The Drummond J82 (NBR Class R) 0-6-0T Locomotives
Although Wheatley had introduced a number of 0-6-0ST designs (J81 and J86) for local and branch passenger traffic on the North British Railway (NBR), Drummond found that the NBR required more. He solved this with his first NBR design, the Class R (LNER J82) 0-6-0T. As a student of William Stroudley, Drummond's new design closely followed Brighton practice and was essentially an enlarged version of the famous London Brighton South Coast (LBSC) Class A 'Terriers'. A total of three batches of twenty four locomotives were built between 1875 and 1878.
All of the J82s were rebuilt with new boilers between 1908 and 1910. The new boilers were pitched 3in higher, and fitted with combination injectors. The new boilers had larger fireboxes, but a reduction in tubes from 146 to 142. They were also standard with the boilers used on the rebuilt Drummond D51 4-4-0Ts.
The J82s were built with hand brakes only, but many had steam brakes fitted before 1881. The Westinghouse brake was adopted as the NBR standard in 1881. For a while, some engines had steam brakes for engine braking and Westinghouse brakes for the train. Holmes standardised the issue and ensured that all of the J82s had Westinghouse brakes for both the engine and the train.
The J82s were initially allocated to suburban and local passenger services in the Glasgow and Edinburgh areas, as well as branch line workings elsewhere. The Glasgow locomotives were quickly replaced with other Drummond types. Many of the branch line allocations were to sub-sheds. Of note is the allocation of No. 22 to the Langholm sub-shed to replace horse traction on the Port Carlisle branch.
Although some of the J82s had been moved to shunting and pilot work during the latter years of the NBR, many were still being used for passenger services. Some had returned to Glasgow by this time, and the allocation was: Eastfield (5), St. Margaret's (4), Perth (3), Carlisle (2), Polmont (2), Dunfermline (2), Thornton (2), Haymarket (1), Tweedmouth (1), Parkhead (1), Bathgate (1), and Stirling (1).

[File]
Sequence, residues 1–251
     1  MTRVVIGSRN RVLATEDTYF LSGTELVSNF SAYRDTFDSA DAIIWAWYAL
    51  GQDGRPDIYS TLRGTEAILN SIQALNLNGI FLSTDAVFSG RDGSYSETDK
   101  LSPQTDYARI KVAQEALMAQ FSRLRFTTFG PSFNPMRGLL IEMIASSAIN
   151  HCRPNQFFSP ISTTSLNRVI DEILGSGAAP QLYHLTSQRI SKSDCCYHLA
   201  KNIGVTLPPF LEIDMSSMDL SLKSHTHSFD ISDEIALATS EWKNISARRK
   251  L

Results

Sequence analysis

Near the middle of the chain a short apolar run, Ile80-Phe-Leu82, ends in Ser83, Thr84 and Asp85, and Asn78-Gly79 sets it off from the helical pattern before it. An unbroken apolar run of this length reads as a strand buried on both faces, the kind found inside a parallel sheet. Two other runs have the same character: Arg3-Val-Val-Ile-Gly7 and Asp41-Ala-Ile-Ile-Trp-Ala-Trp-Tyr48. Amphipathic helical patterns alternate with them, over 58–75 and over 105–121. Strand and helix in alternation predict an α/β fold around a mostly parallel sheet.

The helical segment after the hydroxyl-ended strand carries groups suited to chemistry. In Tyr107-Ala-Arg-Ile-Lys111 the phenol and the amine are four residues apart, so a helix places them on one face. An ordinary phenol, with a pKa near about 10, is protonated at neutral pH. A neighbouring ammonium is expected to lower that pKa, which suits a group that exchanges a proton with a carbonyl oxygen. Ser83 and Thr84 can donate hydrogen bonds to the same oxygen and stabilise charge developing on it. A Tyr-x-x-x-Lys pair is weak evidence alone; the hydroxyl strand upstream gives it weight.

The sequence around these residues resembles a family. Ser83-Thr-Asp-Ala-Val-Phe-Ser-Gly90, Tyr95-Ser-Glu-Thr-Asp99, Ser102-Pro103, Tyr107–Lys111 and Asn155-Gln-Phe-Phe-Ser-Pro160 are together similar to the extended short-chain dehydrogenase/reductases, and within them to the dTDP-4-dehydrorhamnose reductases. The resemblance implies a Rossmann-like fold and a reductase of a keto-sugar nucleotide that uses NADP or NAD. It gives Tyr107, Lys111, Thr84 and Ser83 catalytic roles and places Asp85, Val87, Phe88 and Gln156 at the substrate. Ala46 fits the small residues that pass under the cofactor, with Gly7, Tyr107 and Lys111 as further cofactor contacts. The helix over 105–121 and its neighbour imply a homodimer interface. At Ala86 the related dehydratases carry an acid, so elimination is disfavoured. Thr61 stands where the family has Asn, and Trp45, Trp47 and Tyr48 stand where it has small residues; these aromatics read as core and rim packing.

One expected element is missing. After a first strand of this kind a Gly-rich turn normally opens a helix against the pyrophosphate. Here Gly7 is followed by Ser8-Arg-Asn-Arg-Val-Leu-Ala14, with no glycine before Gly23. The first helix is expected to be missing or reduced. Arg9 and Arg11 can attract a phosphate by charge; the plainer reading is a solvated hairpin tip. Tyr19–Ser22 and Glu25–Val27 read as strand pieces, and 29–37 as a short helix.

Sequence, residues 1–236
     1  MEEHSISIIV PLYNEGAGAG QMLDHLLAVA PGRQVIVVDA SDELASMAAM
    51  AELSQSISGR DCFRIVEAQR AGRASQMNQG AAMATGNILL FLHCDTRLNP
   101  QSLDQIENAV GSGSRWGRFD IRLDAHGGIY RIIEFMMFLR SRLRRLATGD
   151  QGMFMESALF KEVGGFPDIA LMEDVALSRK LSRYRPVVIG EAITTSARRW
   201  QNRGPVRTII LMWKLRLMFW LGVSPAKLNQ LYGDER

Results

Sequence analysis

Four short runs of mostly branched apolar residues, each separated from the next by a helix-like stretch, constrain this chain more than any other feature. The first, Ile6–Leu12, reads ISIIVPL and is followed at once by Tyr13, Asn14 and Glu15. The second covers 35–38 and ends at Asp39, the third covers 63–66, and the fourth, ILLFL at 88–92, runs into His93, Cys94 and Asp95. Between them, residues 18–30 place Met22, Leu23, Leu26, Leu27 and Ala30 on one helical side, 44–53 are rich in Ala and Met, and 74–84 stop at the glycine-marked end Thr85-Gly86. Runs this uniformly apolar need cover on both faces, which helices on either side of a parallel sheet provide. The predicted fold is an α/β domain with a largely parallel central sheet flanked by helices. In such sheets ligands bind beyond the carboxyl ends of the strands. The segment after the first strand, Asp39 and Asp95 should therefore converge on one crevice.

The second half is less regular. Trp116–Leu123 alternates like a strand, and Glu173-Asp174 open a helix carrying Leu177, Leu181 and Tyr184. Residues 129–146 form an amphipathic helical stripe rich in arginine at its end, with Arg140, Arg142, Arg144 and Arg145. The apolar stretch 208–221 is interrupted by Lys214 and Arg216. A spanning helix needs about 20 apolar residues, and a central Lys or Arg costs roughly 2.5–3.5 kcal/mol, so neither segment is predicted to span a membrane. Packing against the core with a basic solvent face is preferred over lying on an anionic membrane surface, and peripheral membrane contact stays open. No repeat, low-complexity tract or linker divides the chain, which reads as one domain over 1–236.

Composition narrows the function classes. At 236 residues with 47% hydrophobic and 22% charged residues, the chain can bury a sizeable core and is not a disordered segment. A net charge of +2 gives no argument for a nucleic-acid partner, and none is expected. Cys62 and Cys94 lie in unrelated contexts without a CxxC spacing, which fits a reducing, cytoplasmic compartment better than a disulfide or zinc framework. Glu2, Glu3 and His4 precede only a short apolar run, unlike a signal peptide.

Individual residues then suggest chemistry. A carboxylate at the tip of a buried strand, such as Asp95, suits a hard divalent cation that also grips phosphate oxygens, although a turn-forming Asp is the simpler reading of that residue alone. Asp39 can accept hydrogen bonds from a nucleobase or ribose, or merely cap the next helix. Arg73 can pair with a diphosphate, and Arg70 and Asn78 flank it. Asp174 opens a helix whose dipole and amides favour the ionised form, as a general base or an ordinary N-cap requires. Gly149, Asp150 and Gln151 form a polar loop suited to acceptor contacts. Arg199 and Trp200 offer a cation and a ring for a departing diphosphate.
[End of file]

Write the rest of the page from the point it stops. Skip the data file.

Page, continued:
The first withdrawal was No. 1290 which was withdrawn in November 1922. The LNER withdraw large numbers of J82s in 1924 and 1925, leaving the last four J82s to be withdrawn in 1926. It is interesting to note that although most of the J82s worked for almost half a century, they were outlived by many of their 'ancestor' Terriers.
|Boiler:||Diameter (max):||3ft 10in|
|Heating Surface:||Total:||666.06 sq.ft.|
|Tubes:||586.10 sq.ft. (142x 1.75in dia.)|
|Grate Area:||13.75 sq.ft.|
|Total Wheelbase:||13ft 2in|
|Tractive Effort:||(at 85%)||10,908 lb|
|Max. Axle Load:||13t 12cwt|
|Water Capacity:||600 gallons|
|Coal Capacity:||1t 10cwt|
None of the J82 tank locomotives survived into preservation.
London Road Models sell an etched kit of the J82.
Fittingly for locomotives that were based on the practices of Stroudley, Drummond also followed Stroudley's practice of naming engines after places in the vicinity of where they worked. No official record of the J82 names exists, and engines were often re-named when they were moved from one area to another. Hence the following list probably has a number of omissions and errors. The names were removed after 1882 during the tenure of Holmes.
|Original NBR No.||Original Name||Later Name|